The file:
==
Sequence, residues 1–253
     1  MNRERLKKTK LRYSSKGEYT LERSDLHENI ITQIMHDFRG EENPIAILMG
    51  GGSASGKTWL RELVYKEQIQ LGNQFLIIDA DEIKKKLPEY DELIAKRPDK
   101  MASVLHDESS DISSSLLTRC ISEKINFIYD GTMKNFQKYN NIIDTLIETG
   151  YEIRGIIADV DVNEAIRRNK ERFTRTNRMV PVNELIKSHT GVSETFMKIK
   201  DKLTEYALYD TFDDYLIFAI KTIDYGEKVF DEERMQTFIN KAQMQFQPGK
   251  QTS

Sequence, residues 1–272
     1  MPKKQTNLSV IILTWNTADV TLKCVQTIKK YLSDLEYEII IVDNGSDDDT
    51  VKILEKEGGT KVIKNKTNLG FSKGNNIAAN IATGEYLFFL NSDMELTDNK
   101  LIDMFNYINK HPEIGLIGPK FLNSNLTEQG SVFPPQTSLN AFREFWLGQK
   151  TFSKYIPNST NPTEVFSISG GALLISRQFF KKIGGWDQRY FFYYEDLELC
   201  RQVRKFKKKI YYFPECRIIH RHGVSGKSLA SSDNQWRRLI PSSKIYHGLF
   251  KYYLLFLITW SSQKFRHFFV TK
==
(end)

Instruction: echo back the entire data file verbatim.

Sequence, residues 1–253
     1  MNRERLKKTK LRYSSKGEYT LERSDLHENI ITQIMHDFRG EENPIAILMG
    51  GGSASGKTWL RELVYKEQIQ LGNQFLIIDA DEIKKKLPEY DELIAKRPDK
   101  MASVLHDESS DISSSLLTRC ISEKINFIYD GTMKNFQKYN NIIDTLIETG
   151  YEIRGIIADV DVNEAIRRNK ERFTRTNRMV PVNELIKSHT GVSETFMKIK
   201  DKLTEYALYD TFDDYLIFAI KTIDYGEKVF DEERMQTFIN KAQMQFQPGK
   251  QTS

Sequence, residues 1–272
     1  MPKKQTNLSV IILTWNTADV TLKCVQTIKK YLSDLEYEII IVDNGSDDDT
    51  VKILEKEGGT KVIKNKTNLG FSKGNNIAAN IATGEYLFFL NSDMELTDNK
   101  LIDMFNYINK HPEIGLIGPK FLNSNLTEQG SVFPPQTSLN AFREFWLGQK
   151  TFSKYIPNST NPTEVFSISG GALLISRQFF KKIGGWDQRY FFYYEDLELC
   201  RQVRKFKKKI YYFPECRIIH RHGVSGKSLA SSDNQWRRLI PSSKIYHGLF
   251  KYYLLFLITW SSQKFRHFFV TK